When you’re sick in the hospital, you depend on visits from your family and pastor. But Covid-19 has put a stop to those visits. Standing in the gap are hospital chaplains who shoulder a tremendous responsibility.
News 3’s Phil Scoggins visited with some of the chaplains at St. Francis-Emory Healthcare for a peak into their world during this pandemic.
Pat Ingram is the Chief of Chaplains at St. Francis-Emory Healthcare in Columbus. She and her team have a heart after God, and a heart for patients and their families who have been separated at the hospital doors by the protocols of Covid.
In looking back over the past year, Ingram reflects, “We have been wired to reach out and touch someone, to give a hug, to wipe a tear. In this time of Covid we can’t do that.”
Walter Phillips, one of the chaplains at St. Francis-Emory Healthcare, says one of the major obstacles they have to face is fear. “Even as chaplains we’re just as human as the person that’s in that bed, and yet we’ve been called to keep walking down that same fearful road…but keep walking. Because in the process of walking, in the process of moving forward something miraculous is taking place. People find themselves knowing that I’m hurt, but I’m not alone. I’m worried, but I’m not alone. I don’t know how this is going to turn out, but I’ve got somebody to talk to.”
Talking with family is always good medicine for patients, and the chaplains are happy to make that happen. Chaplain Rhonda Daniels recalls, “There are times when I’ve taken my cell phone and gotten permission to Facetime the families and their loved ones so that they’ll be able to see them and talk with them.”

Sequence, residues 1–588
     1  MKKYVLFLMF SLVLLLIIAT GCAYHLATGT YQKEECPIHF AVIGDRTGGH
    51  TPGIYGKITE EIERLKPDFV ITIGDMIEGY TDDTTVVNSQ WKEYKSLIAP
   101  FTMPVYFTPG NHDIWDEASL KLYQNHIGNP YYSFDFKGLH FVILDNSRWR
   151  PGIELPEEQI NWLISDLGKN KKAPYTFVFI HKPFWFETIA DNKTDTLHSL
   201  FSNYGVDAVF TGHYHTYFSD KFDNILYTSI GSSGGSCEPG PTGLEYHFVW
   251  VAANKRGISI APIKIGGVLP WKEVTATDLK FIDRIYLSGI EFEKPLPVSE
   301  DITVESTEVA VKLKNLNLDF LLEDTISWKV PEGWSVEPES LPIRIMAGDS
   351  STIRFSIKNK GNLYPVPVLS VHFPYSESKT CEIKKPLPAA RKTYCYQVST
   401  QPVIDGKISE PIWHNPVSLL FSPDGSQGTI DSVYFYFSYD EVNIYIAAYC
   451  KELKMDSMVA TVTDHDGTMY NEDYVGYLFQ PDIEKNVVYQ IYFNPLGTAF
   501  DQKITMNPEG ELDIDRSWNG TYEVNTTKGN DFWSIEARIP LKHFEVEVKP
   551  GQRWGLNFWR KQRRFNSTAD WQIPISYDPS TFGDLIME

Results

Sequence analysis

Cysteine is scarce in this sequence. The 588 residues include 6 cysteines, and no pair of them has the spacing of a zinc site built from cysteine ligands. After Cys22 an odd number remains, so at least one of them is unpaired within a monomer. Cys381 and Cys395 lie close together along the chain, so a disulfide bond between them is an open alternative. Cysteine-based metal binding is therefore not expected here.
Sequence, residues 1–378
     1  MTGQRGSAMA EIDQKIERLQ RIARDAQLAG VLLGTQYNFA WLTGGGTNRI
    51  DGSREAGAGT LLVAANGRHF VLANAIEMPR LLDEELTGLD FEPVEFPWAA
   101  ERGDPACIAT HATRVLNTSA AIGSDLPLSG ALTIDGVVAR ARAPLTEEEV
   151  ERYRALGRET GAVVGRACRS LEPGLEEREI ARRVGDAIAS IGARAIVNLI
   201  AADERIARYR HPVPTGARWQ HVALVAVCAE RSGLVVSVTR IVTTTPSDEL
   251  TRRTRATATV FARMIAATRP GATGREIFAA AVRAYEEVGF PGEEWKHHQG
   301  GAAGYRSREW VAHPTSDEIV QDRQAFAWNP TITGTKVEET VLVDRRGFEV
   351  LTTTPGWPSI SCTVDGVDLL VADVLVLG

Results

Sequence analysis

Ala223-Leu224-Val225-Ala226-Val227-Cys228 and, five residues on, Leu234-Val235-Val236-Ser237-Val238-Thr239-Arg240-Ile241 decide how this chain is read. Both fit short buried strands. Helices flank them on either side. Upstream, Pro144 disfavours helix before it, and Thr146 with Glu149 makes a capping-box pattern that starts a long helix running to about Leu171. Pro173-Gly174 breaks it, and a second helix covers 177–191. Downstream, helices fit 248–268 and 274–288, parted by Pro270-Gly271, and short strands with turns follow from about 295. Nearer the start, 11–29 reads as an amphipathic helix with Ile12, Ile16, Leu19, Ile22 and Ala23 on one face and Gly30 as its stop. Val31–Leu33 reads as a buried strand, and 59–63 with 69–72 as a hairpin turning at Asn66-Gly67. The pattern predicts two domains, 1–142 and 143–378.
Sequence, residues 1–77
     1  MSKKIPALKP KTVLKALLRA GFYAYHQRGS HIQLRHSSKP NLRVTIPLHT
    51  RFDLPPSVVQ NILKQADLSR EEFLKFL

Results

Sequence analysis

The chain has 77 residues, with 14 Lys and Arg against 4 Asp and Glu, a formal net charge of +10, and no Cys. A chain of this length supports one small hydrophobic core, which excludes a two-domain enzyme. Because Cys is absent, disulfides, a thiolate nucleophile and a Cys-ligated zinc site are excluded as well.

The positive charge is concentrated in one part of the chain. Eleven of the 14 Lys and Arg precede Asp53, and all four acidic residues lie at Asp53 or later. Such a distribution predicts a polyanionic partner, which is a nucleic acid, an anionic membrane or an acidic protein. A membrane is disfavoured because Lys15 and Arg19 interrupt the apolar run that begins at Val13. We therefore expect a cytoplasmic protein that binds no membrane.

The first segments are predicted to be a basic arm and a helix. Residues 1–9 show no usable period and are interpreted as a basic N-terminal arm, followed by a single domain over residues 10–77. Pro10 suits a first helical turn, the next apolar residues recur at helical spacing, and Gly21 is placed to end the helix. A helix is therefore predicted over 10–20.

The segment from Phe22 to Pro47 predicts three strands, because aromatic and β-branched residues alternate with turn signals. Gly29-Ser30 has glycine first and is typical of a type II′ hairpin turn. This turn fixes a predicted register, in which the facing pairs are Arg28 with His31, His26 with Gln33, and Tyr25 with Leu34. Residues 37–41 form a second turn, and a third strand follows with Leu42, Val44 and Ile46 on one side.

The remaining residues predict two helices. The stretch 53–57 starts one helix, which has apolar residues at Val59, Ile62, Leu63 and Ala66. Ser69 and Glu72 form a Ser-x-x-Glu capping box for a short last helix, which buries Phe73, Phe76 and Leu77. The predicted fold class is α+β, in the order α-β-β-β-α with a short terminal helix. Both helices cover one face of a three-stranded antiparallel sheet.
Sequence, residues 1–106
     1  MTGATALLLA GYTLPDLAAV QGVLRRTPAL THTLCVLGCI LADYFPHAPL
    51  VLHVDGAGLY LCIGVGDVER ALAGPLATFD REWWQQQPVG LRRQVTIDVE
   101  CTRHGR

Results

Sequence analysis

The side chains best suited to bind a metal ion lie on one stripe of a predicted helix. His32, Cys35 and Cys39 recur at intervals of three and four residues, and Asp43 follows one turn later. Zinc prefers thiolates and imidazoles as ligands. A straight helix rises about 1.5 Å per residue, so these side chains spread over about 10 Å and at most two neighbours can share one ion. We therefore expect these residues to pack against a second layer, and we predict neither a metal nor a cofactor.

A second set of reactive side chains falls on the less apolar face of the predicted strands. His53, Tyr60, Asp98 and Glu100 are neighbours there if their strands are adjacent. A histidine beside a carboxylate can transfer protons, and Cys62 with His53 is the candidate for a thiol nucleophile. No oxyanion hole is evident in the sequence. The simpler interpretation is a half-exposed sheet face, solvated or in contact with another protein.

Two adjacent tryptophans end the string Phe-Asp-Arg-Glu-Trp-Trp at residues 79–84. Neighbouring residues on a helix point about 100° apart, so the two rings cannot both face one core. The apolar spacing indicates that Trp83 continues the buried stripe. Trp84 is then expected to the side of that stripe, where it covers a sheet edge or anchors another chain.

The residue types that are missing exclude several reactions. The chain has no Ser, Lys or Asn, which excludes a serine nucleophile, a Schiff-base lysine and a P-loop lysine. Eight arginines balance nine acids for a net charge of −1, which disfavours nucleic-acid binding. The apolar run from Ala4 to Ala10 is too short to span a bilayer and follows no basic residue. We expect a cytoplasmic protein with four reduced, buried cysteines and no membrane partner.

One of the loneliest places at the hospital is in the parking lot where family members wait for results. The chaplains minister there, too. “If there’s a question that they have while sitting in the car, we try to go get the answer and then come back with the answer,” says Phillips.
While the hospital staff is tending to their patients’ physical needs, who’s there to offer spiritual comfort when pastors and priests can’t come in? Chaplain Ingram’s answer is clear. “Pastors understand that we are their arms and legs and ears and prayers. And they will call the hospital and say, hey, I’ve got a parishioner here. Please go and see them. Tell them their Sunday School class said hello. Tell them that we love them. That happens all day long.”
But the chaplains don’t just focus on the patients. Ingram explains, “We do more staff care than ever. That means when we are rounding and seeing patients, the additional part of that is slowing down to speak to the staff, to have prayer with the staff if they’re asking us to.”
Buddy Cooper retired from the ministry and had just joined the chaplain staff at St. Francis-Emory Healthcare when Covid hit. There are times when he needs a listening ear. Cooper admits, “You come back often to our chaplains’ office and you say, I just need to talk a minute. And they (other chaplains) are faithful to be a chaplain to you because you have poured yourself out.”